Fitness Tips

Strength-Training Shortcuts Done Smart:

Week 5: The Hanging Knee Raise
In this 5-week series, we'll show you five classic exercises, how to achieve perfect form, and how to safely "cheat" the movements while continuing to build muscle. Performing an exercise the way it's designed guarantees that you're moving the weight with the intended target muscles. But you can cheat your way to more muscle by using momentum, shorter ranges of motion, and slight physical adjustments. If you do it right, you're still using the intended target muscles, but you're giving them a little help.
Be warned that, if done without caution, cheating can be dangerous. For example, trying to lift too much weight can put your spine and joints at risk. That increases the chance of tearing muscles, tendons, and ligaments. Or you can lose control of the weight and create a whole host of problems.
However, you can cheat smart to avoid danger. First you must master perfect form to develop the muscle control needed to cheat safely and effectively. Over the course of the next five weeks, we'll present five exercises in both their standard and safe "cheat" forms.
Week 5:

The Hanging Knee Raise

The Typical Cheat: Raising your knees to your chest without curling your torso, which is the key to working  your abdominal muscles, says John Williams, C.S.C.S., co-owner of Spectrum Conditioning in New York.
Why It's a Problem: It makes the focus of the exercise your hip flexors, not your abs.
How to Perfect Your Form: Grab a pullup bar with a shoulder-width, overhand grip and hang from the bar with your knees slightly bent and feet together. Imagine that you have no legs and tilt your pelvis as high as you can, by pulling your hips up and in. Aim for you knees to touch your shoulders.
How to Cheat Smart: Perform an "incline reverse crunch." Lie on a slant board with your hips lower than your head and your knees slightly bent. Grab the board's handles and pull your hips upward and inward, keeping your knees at the same angle throughout the move. Once you can do 3 sets of 15 repetitions while holding a 10-pound dumbbell between you feet, go back to the hanging version.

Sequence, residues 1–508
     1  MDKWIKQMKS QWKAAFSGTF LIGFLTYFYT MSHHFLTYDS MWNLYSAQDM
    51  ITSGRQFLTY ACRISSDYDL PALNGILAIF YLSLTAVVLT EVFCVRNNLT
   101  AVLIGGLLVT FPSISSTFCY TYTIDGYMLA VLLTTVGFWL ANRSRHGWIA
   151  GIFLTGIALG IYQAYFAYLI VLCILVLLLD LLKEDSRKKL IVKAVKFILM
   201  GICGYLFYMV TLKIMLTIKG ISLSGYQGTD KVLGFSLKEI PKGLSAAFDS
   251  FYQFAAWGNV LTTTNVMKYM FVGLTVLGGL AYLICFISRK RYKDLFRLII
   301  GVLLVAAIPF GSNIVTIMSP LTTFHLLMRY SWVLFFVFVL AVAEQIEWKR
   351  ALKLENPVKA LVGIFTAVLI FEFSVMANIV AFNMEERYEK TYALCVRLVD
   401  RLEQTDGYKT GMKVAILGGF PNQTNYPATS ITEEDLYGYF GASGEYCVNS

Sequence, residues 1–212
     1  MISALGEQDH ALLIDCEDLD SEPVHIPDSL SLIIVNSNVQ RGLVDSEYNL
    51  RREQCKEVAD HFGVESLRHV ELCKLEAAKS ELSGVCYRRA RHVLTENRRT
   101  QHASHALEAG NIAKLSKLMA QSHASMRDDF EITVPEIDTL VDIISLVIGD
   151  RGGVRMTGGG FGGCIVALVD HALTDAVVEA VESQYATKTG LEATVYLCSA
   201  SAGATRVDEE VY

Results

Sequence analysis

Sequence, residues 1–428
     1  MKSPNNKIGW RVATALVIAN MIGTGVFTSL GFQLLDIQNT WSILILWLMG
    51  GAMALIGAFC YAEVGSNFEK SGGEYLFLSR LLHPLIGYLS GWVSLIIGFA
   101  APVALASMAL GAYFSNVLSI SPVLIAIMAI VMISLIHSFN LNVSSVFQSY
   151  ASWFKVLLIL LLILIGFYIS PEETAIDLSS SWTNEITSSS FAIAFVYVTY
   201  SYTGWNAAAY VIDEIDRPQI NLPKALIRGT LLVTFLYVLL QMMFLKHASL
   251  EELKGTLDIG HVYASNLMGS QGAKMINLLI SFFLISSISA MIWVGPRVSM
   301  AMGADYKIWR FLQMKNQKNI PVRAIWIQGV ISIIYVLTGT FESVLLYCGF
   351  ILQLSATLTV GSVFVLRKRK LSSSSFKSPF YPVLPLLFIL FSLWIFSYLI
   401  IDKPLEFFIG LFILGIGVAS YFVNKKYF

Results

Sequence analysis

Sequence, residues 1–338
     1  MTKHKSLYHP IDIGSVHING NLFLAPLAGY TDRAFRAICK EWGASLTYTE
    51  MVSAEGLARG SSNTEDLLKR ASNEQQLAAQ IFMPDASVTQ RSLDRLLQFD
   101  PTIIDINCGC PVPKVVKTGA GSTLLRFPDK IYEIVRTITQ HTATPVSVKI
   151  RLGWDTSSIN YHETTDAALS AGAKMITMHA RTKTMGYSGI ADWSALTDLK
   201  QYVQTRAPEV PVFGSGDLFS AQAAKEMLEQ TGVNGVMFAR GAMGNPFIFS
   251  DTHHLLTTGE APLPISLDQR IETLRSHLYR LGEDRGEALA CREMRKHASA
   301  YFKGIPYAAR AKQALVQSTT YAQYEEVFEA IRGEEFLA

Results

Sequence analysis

The Benefit: For those who aren't strong enough to do the hanging knee raise with perfect form, the slant-board variation is the best way to cheat without cheating your abs.
Week 4:

The Lat Pulldown

The Typical Cheat: Leaning back while pulling the bar down, using body weight and momentum to move the weight.
Why It's a Problem: It reduces the focus on the target muscle - the latissimus dorsi - and increases the risk of injury to your lower and upper back, says strength coach Scott Rankin, C.S.C.S.
How to Perfect Your Form: Think pullup, not pulldown. Keep your body upright throughout the move. Imagine you're pulling your chest to the bar, instead of the bar to your chest. Or try this move: Sit upright on a Swiss ball and pull the bar straight down to your chest as you squeeze your shoulder blades together. If you try to use momentum to pull the bar down, you'll fall off the ball, says Rankin.
How To Cheat Smart: Do the "incline pulldown." Grab the lat-pulldown bar with a shoulder-width, overhand grip and lean back at your hips (keeping your back naturally arched) until your torso is at a 45-degree angle from the floor. Without moving your upper body, pull the bar down to the tops of your shoulders.
The Benefit: You'll challenge the often neglected upper-back and rear-deltoid muscles.
Next week: The Hanging Knee Raise 
Week 3:

The Squat

The Typical Cheat: Doing the "lazy man's squat." That is, reversing the movement before your thighs are parallel to the floor.
Why It's a Problem: It increases your risk of knee injury. Researchers found that the most unstable knee angle is 90 degrees -- when your upper thighs are about 2 inches above parallel to the floor.